Bundling & Minification in Sitecore MVC

June 5, 2017 | Stefan Perales


Bundling and minification are two practices that improve page load times by decreasing both the number of server requests and the size of static asset files. There are multiple ways to implement these optimizations, and which one you choose will depend on the project and the practices and technologies you use. One common way to implement this is to add the bundling and minification as tasks in a Gulp or Grunt build. We’re going to discuss a different method, though, which has been available since version 4.0 of ASP.NET MVC: WebGrease. First, let’s quickly go over what exactly bundling and minification are and why they make a difference when it comes to page load performance.


Bundling is the process of combining many static assets into a single file. This has the obvious benefit of decreasing the amount of HTTP requests your page makes when it loads. This is more important than it may seem at first glance. Most browsers limit the number of concurrent connections/hostname. Once that limit is met, any additional requests are queued and must wait to be executed. This can result it bloated page load times if you’re using a lot of static resources. Bundling takes the static assets you specify, and merges them into a single file. So, instead of having several requests that could slow the page load times down, you now have a single request. There’s one more cool benefit that bundling provides out of the box. The URL to the bundle that is rendered will have a query string with a cache-busting hash value. This hash will force the browser to download what it sees as a new asset, instead of using its cache. So, after a deployment, users will see your CSS and JS changes right away, instead of seeing a cache of an older version.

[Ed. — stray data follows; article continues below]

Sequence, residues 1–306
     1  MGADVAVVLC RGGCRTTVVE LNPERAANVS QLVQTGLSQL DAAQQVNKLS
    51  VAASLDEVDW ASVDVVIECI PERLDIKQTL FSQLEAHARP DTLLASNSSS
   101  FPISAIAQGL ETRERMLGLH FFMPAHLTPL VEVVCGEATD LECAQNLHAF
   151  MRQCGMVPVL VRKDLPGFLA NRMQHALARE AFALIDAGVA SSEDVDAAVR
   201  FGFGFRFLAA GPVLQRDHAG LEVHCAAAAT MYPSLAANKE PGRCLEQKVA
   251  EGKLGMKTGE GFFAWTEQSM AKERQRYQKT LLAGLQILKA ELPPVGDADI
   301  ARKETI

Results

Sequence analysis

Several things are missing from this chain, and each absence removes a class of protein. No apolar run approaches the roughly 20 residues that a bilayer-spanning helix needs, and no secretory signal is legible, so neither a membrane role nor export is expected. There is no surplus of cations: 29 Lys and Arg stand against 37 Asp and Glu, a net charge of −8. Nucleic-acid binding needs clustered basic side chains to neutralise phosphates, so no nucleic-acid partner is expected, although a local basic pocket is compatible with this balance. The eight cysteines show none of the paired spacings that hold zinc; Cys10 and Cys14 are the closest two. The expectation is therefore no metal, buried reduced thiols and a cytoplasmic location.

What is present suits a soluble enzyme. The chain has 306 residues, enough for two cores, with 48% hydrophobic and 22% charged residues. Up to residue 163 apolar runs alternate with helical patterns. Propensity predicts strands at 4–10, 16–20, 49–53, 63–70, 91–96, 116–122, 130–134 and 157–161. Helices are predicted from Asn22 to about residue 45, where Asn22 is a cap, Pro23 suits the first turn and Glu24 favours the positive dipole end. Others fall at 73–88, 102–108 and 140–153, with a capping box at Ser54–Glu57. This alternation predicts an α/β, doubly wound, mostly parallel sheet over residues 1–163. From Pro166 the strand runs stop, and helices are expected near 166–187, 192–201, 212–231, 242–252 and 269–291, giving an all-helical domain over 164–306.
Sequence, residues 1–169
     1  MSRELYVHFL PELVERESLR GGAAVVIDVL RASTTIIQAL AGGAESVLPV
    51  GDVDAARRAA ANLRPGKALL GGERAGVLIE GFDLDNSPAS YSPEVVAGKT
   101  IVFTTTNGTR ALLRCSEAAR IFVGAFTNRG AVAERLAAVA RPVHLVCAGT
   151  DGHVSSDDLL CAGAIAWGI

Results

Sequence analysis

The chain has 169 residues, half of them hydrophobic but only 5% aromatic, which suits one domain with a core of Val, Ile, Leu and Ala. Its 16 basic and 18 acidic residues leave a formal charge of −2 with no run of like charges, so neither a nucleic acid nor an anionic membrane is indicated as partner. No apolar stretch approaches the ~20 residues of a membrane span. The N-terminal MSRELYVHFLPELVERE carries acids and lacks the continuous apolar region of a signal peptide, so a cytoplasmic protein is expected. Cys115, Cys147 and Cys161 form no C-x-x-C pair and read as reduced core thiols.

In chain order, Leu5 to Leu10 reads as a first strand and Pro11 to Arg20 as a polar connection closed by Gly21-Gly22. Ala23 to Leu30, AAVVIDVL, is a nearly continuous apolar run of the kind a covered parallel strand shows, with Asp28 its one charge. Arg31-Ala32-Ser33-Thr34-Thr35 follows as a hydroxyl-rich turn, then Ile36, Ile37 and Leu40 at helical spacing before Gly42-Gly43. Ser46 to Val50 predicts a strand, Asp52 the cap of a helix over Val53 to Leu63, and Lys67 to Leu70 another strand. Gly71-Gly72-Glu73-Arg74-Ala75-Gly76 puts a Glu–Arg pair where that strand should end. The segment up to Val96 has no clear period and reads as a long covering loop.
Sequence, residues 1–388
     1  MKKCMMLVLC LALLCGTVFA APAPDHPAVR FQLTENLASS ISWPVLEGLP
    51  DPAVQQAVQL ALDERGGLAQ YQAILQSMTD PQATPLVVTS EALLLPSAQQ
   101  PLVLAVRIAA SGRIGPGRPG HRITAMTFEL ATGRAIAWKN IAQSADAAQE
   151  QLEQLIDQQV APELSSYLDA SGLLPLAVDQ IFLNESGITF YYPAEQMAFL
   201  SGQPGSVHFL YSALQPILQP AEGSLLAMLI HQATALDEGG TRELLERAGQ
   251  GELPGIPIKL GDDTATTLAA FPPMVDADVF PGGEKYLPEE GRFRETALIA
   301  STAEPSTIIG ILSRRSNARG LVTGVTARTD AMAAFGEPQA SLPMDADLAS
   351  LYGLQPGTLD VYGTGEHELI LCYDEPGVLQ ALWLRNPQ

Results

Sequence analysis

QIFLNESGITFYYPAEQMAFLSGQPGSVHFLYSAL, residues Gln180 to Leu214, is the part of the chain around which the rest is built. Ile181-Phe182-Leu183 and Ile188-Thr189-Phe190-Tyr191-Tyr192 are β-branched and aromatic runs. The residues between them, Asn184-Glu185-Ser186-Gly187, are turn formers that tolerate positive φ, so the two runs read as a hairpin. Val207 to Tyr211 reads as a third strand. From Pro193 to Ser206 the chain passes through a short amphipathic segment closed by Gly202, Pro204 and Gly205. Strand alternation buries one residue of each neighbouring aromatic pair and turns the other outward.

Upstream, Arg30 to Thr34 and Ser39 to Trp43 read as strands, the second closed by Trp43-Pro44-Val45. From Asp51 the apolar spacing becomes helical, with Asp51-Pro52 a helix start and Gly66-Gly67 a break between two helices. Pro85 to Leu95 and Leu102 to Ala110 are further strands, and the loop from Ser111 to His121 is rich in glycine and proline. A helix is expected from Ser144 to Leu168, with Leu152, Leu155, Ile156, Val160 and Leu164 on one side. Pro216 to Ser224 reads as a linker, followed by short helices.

Minification is the process of removing unnecessary whitespace, line breaks and comments and shortening variable names. This decreases the file size and thus decreases the load time for that file.

Enabling Bundling & Minification

1. Install WebGrease

If it’s not already present in your project, you’ll need to add the WebGrease NuGet package to your project. This will make the System.Web.Optimization namespace available.

2. Register Bundles

Next, you’ll want to register your bundles. The most common convention is to create a file called BundleConfigs.cs in your App_Start folder (you may need to create this if it’s not present). Your BundleCofnigs class might look something like this:

using System; 
using System.Collections.Generic; 
using System.Linq; 
using System.Web; 
using System.Web.Optimization; 
namespace Project.App_Start 
    public class BundleConfigs 
        public static void RegisterBundles(BundleCollection bundles) 
            // Bundled CSS 
            bundles.Add(new StyleBundle("~/bundles/css") 
            // Bundled Javascript 
            bundles.Add(new ScriptBundle("~/bundles/js") 

As you can see in this example, 17 requests have been reduced to 2 requests, which would have a noticeable effect on page performance.

Debugging with Bundling & Minification Enabled

You may be wondering how these optimizations effect debugging. After all, won’t debugging these merged and minified files be difficult? Not to worry! The files will only be bundled and minified when you aren't building against the Debug build configuration. While debugging, the un-minified and unbundled assets will be used.

About the Author

Stefan Perales

I’m a developer at TBG and I enjoy solving complex problems. When I’m not building websites I like to play my Xbox and build mobile apps.

Leave A Reply

comments powered by Disqus